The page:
Design is hardly ever a one-size-fits-all approach.
When we’re working on any project, whether it’s a remodel or a new build, we’re always thinking of unique ways to make the most of each space.
Finding solutions to allow for more function or form is a crucial part of the design process. In this post, we’re excited to share a few “unconventional” approaches to creating a space that reaches its full potential.
No. 1: Moving the couch away from the wall.
Although it may seem counter-intuitive, sometimes moving your couch to the center of the room can actually make your space look larger. Plus, moving your sofa away from the wall can actually create more functional space for a console table with storage, a separate seating area, or even a desk.
"One of the mistakes people make is that they pull all of their furniture to their walls because they're trying to create extra space in the room, but it can make the room feel less cozy and intimate."
In our Historic Netflix Loft Remodel, we could maximize functionality by placing a sofa near the center of the room and creating a play area for the kids behind the couch.
Separating these pieces with a console also created a barrier that made them feel distinct. We love that our clients now have a multi-purpose space for playing and relaxing.
No. 2: Embracing asymmetry
Whether you want to balance an asymmetrical element or you want to bring more interest by intentionally creating some imbalance, embracing asymmetry can take a design to a whole new level.
In Wren’s room from The McGee Home, the design didn’t allow for her window to be centered. We wanted to bring some balance back into this space, so we added a window seat and built-in bookshelves above her desk to set the scene.
Not only did the shelf create balance, but it allowed us to add more color and personality to the look with expressional built-ins and a cool blue-grey hue.
Sometimes (in design and life,) the best results come from pivots, which was definitely the case with our Crestview House kitchen.
In our original plans, we had an extended hood and a more traditional, symmetrical island. However, we shifted at the last minute to consider our client’s love for cooking and added more prep space by eliminating the extended hood and building a butcher block into the island’s end.
We love the asymmetry this creates in their space, and it ended up being our client’s favorite element.
In The McGee Home kitchen, there was a lot of symmetry happening around our island’s focal point, and we felt like we needed to add something to throw it off just a little bit.
We ended up creating this piece at the end of our island to feel more like a piece of furniture, and it’s open-nature breaks up the closed cabinetry, allowing for more visual interest.
No. 3: Think outside of the walls
One of the challenges of a remodel is seeing the potential outside of the box (and sometimes, the walls). Although re-structuring can be intimidating, making a few changes can completely transform the way you live in your home.
Before we started working on our Cove Remodel, the sitting room had two arches encased in a faux stone that limited the space’s form and function.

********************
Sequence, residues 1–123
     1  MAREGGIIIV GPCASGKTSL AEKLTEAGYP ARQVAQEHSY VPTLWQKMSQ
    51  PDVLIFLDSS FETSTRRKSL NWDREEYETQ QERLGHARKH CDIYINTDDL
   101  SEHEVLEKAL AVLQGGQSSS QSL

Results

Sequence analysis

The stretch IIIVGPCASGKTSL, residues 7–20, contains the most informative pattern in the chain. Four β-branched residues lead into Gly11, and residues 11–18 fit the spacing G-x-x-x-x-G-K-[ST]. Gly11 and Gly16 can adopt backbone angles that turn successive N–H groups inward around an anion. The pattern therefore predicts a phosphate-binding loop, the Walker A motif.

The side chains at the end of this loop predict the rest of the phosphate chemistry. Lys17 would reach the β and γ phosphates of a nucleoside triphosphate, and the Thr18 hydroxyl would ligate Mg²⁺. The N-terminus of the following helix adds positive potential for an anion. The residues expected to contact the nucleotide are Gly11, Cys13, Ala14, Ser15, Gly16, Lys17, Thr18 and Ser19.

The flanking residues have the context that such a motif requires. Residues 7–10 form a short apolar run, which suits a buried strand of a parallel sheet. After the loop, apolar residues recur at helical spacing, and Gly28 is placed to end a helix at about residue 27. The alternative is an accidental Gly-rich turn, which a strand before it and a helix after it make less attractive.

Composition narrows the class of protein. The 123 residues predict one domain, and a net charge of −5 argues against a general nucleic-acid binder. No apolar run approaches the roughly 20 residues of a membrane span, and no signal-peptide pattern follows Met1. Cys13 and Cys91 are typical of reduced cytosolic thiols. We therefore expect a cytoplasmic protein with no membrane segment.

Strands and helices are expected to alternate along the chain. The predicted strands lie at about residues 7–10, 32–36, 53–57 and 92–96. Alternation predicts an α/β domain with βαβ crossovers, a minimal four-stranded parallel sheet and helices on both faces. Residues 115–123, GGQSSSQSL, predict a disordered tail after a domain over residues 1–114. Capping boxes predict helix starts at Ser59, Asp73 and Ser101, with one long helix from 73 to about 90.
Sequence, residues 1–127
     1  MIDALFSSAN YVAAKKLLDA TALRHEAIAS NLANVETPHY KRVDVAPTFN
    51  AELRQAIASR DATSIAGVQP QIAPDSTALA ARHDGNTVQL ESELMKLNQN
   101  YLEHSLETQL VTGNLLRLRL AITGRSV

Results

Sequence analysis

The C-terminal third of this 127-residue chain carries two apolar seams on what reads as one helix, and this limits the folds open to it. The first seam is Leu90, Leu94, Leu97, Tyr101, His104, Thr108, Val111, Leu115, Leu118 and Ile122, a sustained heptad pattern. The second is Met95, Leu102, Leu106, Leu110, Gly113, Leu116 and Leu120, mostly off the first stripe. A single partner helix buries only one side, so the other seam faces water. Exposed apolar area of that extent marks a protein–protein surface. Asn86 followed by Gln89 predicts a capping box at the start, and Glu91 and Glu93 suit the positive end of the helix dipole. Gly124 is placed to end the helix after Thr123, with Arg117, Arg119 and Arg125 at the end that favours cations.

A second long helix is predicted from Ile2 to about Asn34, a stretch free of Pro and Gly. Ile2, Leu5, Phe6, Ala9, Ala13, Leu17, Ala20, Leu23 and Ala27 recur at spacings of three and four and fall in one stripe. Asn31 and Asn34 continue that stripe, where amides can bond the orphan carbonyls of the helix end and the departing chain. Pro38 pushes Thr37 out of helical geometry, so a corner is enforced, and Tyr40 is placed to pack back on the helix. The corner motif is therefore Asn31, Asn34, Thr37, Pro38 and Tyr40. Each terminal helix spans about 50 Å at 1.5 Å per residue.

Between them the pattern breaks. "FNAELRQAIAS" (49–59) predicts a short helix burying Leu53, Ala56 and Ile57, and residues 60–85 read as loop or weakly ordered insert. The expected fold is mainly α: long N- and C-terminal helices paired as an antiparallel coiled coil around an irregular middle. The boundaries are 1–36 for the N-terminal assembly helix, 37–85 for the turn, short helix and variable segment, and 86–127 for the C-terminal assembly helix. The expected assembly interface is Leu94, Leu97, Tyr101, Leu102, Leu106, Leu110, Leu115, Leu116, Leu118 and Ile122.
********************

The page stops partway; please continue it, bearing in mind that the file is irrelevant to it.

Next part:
Although we usually don’t like to close things up, closing up the smaller opening and creating a french door moment through the entrance made much better use of the space and allowed for less visual distraction.
When we walked the site of our Crestview House, and it was just framing, the ceiling details were a little.. funky. So, we decided to create the ceiling details we wanted.
We realized that we had a lot of vaulted space, and so we built as high into it as we could, and we couldn’t be happier about the open feeling it brought.
In our Bright & Moody Netflix Project, recently featured on our Netflix show “Dream Home Makeover,” our clients really wanted to include an office nook in their open-concept living space.
While we were a little short on square footage, our clients had a storage closet behind the room that they longer needed, so we decided to knock it out to create a small indented area for a desk and chair. In the end, the overall look and feel of the room are much more open, and we love the function the desk-nook brings.
No. 4: Add dimension with ceiling details
Before you treat the ceiling like an afterthought, consider making a statement to add more dimension.
We love adding beams, wall treatments, paint, and even wallpaper to ceilings to bring interest. While you wouldn’t think that a ceiling would make such a big difference in your space, it’s amazing what some texture and tone will do.
In our Crestview House, incorporating a light oak wood to the ceiling created a feeling of warmth and character that brought the entire design to the next level.
In the girl’s room from our Rye, NY project, we found this amazing vintage wallpaper for the ceiling to draw the eye up and create a whimsical but sophisticated feeling that makes us want to move right in.
Rather than painting the ceiling white in The McGee Home Office, we decided to carry through the deep-hued paint on the walls up to the top. This is an easy way to create a statement on your ceiling because it feels simple and streamlined but still adds interest.